If you’re looking for a job, look at the manufacturing sector. There are hundreds of thousands of manufacturing jobs in North America — soon to be millions.
Robots and AI are not killing manufacturing
Many people are under the impression that robots and AI are overtaking manufacturing and killing off human jobs in this area, but the reality is actually much different. Recent research shows that humans still perform a vast majority of manufacturing tasks, and according to a new report from Deloitte, there aren’t nearly enough humans to go around.
The industry has been in a workforce crisis for a while, and things could get even worse according to Deloitte’s new 2018 skills gap study. In the US, there are currently about 488,000 unfilled jobs today, and that may increase to as many as 2.4 million manufacturing jobs going unfilled between this year and 2028.
Canada is affected by the same shortage as the US
Canada is also seeing a massive shortage of skilled workers. The Globe and Mail recently reported that factories are “desperate for skilled workers.” These include welders, tool and die makers, machinists, and millwrights. “A recent survey by the Ontario Skilled Trades Alliance reported that 41% of employers would hire more people if they could find those with the skills they needed,” said the Globe.
Shifting skillsets, retiring baby boomers to blame
Manufacturing is seeing growth across North America, but they just can’t find skilled people to fill open positions. Why? Well, it seems that, while technology isn’t killing off jobs, it is changing the way we work and creating a need for new skill sets. Most manufacturers list “shifting skill sets due to the introduction of advanced technology and automation,” at the top reason for the shortage. This is followed by “negative perception of students/their parents toward the manufacturing industry,” and “retirement of baby boomers.”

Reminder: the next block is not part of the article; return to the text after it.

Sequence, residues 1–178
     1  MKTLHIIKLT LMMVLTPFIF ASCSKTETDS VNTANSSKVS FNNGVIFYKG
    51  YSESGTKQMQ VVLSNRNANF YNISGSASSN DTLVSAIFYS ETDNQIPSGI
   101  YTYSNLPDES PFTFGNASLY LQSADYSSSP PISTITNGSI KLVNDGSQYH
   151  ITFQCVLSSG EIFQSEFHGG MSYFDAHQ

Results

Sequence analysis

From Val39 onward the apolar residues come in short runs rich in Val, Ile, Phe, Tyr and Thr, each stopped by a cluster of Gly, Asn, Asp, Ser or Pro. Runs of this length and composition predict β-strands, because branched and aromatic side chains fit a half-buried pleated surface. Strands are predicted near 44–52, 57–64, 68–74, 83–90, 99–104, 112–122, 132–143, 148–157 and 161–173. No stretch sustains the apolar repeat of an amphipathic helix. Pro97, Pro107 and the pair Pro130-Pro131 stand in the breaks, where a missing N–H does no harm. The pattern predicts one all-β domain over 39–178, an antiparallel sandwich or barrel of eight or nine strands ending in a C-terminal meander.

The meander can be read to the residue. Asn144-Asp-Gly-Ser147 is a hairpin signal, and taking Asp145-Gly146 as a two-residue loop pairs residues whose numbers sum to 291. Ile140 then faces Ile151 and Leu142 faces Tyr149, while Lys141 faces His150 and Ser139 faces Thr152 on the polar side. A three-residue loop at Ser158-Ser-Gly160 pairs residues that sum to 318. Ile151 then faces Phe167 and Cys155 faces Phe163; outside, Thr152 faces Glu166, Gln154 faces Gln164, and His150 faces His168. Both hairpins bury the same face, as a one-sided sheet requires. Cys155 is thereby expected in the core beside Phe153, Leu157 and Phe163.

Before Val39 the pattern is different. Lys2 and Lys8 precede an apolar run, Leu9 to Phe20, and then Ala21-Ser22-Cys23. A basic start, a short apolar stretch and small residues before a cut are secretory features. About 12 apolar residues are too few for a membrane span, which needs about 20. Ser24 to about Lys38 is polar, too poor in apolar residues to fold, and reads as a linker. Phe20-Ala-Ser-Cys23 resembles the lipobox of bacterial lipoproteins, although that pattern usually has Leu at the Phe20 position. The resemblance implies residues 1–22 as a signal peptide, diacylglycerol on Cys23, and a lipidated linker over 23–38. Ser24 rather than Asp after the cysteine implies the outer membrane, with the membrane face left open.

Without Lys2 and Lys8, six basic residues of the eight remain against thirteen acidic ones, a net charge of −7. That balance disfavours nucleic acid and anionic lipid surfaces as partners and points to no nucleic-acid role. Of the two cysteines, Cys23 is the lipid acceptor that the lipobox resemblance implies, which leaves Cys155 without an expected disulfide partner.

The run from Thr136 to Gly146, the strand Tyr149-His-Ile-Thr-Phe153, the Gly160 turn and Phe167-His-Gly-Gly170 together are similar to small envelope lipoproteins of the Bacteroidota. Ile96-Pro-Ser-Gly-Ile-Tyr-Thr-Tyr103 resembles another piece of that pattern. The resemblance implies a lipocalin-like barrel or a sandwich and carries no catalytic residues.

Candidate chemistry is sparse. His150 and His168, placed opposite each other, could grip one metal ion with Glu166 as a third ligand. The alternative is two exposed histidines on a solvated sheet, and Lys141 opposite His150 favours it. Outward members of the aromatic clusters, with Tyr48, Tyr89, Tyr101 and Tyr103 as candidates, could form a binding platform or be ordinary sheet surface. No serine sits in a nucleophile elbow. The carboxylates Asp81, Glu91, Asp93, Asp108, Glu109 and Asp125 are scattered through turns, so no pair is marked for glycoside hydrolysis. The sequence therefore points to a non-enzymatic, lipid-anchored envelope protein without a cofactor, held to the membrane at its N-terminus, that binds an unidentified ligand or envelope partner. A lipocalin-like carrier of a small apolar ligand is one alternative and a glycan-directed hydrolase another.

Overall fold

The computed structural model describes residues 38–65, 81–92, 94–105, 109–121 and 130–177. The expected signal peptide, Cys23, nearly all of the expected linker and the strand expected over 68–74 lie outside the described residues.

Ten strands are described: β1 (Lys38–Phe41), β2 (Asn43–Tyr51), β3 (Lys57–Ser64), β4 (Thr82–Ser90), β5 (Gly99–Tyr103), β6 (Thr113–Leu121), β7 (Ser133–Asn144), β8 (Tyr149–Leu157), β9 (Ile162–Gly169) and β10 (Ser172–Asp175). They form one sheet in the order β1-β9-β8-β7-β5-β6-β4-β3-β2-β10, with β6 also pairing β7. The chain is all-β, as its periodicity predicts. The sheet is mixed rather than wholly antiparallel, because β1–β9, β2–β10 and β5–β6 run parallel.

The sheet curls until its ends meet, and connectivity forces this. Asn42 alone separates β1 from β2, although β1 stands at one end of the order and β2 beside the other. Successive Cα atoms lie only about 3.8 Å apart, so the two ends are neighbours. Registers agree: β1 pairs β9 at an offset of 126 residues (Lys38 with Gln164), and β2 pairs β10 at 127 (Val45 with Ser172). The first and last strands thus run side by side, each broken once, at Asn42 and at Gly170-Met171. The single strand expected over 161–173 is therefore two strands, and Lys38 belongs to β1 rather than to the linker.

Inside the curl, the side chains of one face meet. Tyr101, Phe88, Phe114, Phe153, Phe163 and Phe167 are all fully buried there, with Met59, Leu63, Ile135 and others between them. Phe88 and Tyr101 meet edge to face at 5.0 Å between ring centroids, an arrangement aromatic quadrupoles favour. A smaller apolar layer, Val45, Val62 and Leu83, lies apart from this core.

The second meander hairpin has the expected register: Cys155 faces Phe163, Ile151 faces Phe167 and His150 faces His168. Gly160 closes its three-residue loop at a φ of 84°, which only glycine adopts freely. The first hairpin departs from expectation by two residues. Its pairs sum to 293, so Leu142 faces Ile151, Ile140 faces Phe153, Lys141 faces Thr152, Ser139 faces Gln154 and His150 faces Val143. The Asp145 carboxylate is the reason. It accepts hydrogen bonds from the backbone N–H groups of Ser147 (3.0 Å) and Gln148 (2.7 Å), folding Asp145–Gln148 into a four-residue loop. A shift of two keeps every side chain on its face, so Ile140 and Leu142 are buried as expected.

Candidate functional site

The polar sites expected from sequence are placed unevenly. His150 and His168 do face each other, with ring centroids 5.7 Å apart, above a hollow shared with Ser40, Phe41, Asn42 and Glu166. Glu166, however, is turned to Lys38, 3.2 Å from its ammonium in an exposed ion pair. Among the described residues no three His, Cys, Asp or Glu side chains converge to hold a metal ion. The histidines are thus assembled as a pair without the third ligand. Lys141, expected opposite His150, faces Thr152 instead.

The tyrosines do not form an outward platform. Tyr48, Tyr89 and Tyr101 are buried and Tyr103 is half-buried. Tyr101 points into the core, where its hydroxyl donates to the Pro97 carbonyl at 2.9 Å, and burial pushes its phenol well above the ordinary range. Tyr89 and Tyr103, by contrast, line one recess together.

So, it looks a bit like the younger generation and their parents see the manufacturing sector as beneath them. And so, good jobs are going unfilled.
The best jobs in the manufacturing sector
A report from Randstad Canada from earlier this years stated that “as the Boomer generation settles into retirement, [manufacturers] are unable to replace skilled trade workers fast enough.” Finding young talent interested in the skilled trades, they said, is a challenge.
“Today’s manufacturing jobs are very different from only a handful of years ago. As menial tasks become automated, employers are shifting away from general labour and towards skilled tradespeople.”
That report listed the following as the best manufacturing jobs of 2018:
- production supervisor
- production labourer
- operations supervisor
- CNC machinist
- manufacturing labourer
And the most in-demand skills were as follows:
- quality control
- forklift driving
- hazard analysis
- computer numerical controls (CNC)
- welding equipment
- milling machines
Chad Moutray, director of the Center for Manufacturing Research, and chief economist of the (American) National Association of Manufacturers said in the Deloitte report that some companies are trying new ways to fill the gap and appeal to candidates. “Some manufacturers are shifting their own policies to be more adaptive and flexible, such as allowing nonproduction work to be done from remote locations, while others are implementing new technology like automation to supplement the existing workforce.”
Interested in a job in manufacturing? Check out these jobs on CareerBeacon.